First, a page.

• Is there a moral benefit – a common good or a social reward that is reaped from cultural economy? The non-tangible experiential value to the consumers can not be valued monetarily, but the gains can’t be denied (feel-good, healthier nation) Can we measure the experiential value against economic benefit?
  • The sector needs to unearth the inter-connections of the sector with other sectors including education, environment, medicine etc
  • Although the concept of the Creative Economy is not new, it has not been explored and researched like agriculture or tourism. The creative industry touches everybody’s life, and contributes to all arms of development, so it needs its due recognition.·
  • At the moment, government has not given the sector the recognition it deserves. With education, for example, the arts are included as extracurricular activities and are not in the core curriculum. The current conversations government is having on the Creative industry seem ungrounded and a response to international pressure. The structures set up are ineffective – Kenya Intellectual property rights (KIPI) is dysfunctional. There is a clear disconnect between the Kenya Policy on Heritage and Culture that was recently launched and the reality on the ground – for example, the policy only recognizes 3 sub-sectors of the cultural industries: publishing, music, cinema and audio visual. (unlike with the recent milk glut, the  farmers plight was highlighted and policy that followed with tangible measures with tangible results) With culture the notion of ideas being a bank of wealth is still difficult to grasp – the Kenyan psyche of investment is still with tangible things like land, not ideas as yet. The sector needs to develop an appetite for government to connect with and support this industry. There is also need for value addition to our products – the value chain needs support.·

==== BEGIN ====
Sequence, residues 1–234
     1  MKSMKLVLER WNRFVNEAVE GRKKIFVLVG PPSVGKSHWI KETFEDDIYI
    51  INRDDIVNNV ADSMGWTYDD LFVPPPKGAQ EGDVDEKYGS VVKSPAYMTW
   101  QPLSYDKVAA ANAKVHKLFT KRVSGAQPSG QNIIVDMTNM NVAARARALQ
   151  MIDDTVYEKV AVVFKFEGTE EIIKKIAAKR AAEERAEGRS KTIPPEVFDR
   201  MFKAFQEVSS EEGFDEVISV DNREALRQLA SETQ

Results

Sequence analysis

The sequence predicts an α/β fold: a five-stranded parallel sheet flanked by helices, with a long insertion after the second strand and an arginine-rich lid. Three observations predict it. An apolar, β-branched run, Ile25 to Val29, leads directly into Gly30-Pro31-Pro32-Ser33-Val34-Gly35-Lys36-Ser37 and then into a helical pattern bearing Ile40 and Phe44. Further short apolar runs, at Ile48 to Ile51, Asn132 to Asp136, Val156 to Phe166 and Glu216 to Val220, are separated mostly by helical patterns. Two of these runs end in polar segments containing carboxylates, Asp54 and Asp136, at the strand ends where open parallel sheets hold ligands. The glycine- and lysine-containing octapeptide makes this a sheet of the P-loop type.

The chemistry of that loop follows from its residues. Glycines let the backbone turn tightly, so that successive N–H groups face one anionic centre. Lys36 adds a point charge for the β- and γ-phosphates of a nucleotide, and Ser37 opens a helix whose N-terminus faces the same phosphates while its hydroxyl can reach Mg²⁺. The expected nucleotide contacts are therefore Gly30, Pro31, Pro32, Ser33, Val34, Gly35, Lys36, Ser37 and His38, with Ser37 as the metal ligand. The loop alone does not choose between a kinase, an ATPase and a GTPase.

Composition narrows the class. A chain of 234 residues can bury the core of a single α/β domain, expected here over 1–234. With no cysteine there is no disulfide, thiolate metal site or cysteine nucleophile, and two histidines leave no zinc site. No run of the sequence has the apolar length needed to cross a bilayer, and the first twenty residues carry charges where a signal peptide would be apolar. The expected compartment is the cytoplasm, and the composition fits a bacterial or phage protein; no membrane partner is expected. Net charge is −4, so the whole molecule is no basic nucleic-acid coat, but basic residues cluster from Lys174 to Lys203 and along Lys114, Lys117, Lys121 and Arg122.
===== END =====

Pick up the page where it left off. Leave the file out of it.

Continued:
• The creative industries model that seems closest to us is the concentric circles model – with the origination of an idea at the centre.·
  • MAPPING: The sector needs to articulate the importance of the creative industry in economic terms. There is a need to mainstream this and demonstrate how it plays an important role in the economy as a whole.
  • There is a vacuum between government and the sector. To get to know which artists and creative people are under currently ‘under the radar’, we need to research the sector, develop statistics and documentation for the sectors contribution in this country – statistics, facts, definition etc.


In preparation of the Economy of Creativity seminar held in Mombasa sept/ oct 2010
Session moderated by Aghan Odero

AuthorCato Litangen